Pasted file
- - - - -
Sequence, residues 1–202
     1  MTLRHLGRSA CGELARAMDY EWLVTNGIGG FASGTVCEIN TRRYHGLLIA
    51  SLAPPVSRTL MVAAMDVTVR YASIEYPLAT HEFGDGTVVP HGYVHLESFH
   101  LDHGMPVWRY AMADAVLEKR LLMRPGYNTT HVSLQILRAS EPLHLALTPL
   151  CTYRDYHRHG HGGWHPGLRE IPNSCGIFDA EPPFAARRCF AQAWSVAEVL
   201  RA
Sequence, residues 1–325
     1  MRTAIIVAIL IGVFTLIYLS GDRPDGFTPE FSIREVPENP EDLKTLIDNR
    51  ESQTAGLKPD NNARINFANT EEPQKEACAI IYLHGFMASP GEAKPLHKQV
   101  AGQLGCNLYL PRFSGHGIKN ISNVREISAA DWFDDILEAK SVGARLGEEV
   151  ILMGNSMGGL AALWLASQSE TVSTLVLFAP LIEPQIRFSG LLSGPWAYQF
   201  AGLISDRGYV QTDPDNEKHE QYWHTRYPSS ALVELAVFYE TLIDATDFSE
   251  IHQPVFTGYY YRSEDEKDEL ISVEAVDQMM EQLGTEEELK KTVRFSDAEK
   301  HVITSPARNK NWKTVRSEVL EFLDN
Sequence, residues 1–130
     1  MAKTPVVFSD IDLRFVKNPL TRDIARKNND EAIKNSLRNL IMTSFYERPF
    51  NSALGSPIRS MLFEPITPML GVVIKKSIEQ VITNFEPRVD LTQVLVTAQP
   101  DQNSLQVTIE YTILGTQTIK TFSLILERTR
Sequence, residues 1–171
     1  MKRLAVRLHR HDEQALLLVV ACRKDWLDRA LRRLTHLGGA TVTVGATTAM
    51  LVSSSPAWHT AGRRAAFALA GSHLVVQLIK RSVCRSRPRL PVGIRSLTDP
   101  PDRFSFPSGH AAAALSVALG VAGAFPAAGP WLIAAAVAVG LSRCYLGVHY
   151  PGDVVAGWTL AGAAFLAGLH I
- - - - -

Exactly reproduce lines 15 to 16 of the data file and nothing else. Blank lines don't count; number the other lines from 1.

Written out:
Sequence, residues 1–130
     1  MAKTPVVFSD IDLRFVKNPL TRDIARKNND EAIKNSLRNL IMTSFYERPF